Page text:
The greater mouse-eared bat belongs to the family Vespertilionidae of the genus Myotis. It’s known to chiropterologists as Myotis Myotis. And yes, as we are also told in Barry McStay’s moving two-hander
A touching air of woe imbued with the hope of joy
Although common in mainland Europe, this drama is woven around the sole surviving specimen in the UK, which hibernates, mateless, in an abandoned tunnel near Chichester. Perhaps surprisingly, that part of the tale is not fiction: (check it out on the BBC and elsewhere); what follows, is. Emerging from the plight of said bat, McStay has crafted an ingenious and deeply moving storyline of two people who, like the bat, have family somewhere, from whom they have become detached.
The bat is watched-over by the socially uncomfortable Alan (Benedict Salter) whose domestic situation is not dissimilar. Also alone in life, Alan’s house is about to be compulsorily purchased to make way for a bypass that is likely to have disastrous consequences for the local wildlife. But tonight in the tunnel he has company. His wandering torchlight awakens the homeless Josh (Joshua Oakes-Rogers) who, like the bat, has found refuge there. They have a somewhat dysfunctional conversation, in which their names are revealed, and Josh leaves. Curious about the man he has encountered, and probably with a clear motive in mind, he does a Google search. This brings up a lecture about bats to be given by Alan which Josh attends and after which he reintroduces himself, invites himself to go for a drink at Alan’s expense and ends up in what he describes as Alan’s ‘Hogwarts or Narnia’ house. Perhaps predictably, he stays. They discover more about each other: their histories, emotional ups and downs and ultimately their deceits. Their lives not being straightforward makes this interesting, but it’s the two performances that make it captivating.
That both actors are so visibly at ease with each other should probably come as no surprise: they performed this play together in a sell-out production at the VAULT Festival 2019, where it received considerable acclaim and won the Play of the Week Award. The rapid-fire interaction that occurs on several occasions reveals their intimacy with the script and clear sense of each other's timing. They also know the power of the pause and strength of a look.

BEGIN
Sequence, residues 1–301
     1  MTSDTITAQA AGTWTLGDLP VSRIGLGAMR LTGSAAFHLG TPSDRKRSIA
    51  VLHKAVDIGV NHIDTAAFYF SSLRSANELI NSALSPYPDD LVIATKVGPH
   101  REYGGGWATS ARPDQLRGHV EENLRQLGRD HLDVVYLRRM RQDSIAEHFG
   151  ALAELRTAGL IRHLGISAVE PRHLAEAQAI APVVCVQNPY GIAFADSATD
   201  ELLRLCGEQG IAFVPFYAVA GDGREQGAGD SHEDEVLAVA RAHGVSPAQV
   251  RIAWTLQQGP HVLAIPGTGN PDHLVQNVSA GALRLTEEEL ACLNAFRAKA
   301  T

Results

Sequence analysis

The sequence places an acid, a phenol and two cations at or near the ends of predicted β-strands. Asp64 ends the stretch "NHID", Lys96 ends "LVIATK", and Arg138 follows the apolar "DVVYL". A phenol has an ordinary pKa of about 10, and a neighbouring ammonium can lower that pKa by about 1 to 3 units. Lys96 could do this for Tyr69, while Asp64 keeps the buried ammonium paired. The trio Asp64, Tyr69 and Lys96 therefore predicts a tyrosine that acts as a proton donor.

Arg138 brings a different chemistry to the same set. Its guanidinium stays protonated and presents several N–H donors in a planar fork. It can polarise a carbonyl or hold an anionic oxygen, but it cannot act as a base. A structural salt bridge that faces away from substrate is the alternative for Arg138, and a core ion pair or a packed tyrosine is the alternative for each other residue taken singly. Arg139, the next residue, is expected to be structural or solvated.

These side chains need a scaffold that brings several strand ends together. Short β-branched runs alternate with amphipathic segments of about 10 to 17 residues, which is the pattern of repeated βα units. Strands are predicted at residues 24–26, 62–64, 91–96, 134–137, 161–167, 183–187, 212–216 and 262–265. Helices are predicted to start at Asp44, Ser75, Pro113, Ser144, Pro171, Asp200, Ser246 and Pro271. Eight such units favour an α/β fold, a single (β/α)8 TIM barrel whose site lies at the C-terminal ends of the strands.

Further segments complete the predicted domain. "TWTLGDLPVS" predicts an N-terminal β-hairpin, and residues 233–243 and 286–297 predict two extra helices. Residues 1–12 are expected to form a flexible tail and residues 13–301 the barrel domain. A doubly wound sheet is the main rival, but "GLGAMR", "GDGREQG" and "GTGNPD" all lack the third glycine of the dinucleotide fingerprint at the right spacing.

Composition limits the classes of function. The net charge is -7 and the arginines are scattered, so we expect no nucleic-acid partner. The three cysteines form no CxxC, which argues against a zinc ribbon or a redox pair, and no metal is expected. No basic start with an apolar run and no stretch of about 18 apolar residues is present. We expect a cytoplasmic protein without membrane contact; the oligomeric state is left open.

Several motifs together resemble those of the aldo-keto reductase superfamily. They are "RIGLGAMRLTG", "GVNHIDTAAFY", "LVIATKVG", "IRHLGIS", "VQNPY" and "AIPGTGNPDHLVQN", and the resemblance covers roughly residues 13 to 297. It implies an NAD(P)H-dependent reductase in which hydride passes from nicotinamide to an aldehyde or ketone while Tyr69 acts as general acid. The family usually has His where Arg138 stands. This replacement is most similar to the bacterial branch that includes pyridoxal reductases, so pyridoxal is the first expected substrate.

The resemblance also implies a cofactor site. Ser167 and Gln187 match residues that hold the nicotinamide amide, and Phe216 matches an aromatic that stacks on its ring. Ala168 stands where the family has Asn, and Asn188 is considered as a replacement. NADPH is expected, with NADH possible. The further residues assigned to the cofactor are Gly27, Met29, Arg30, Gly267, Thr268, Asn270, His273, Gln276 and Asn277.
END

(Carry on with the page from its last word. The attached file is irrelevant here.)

Salter’s home, his clothes and his geeky interests are brought to life in a performance imbued with mannerisms, hesitancy, naivety and a disconnect from the modern world that create a harmonious and credible unity. Oakes-Rogers shatters that isolated existence, exuding confidence in a disarming blend of vulnerability, seductiveness and slightly camp chavviness that simmers in subtle moderation, surfacing at times with greater strength, as required, to fit the moment. Together they generate a touching air of woe imbued with the hope of joy.
The chemistry of their partnership witnesses a triumph of casting and is a huge tribute to what director Lucy Jane Atkinson has achieved in this production. The performance was filmed by Shoot Media at The King’s Head Theatre, Islington and forms parts of their digital season, Plays On Film, available to watch on its new on-demand platform, KHTV. For the technical team it meant that what they created had to work not just in the theatre but on film too, and for that, set designer Verity Johnson, lighting designer Zia Bergin-Holly and sound designer Annie May Fletcher deserve considerable credit. Producer Jess Duxbury can be very proud of what this team has achieved.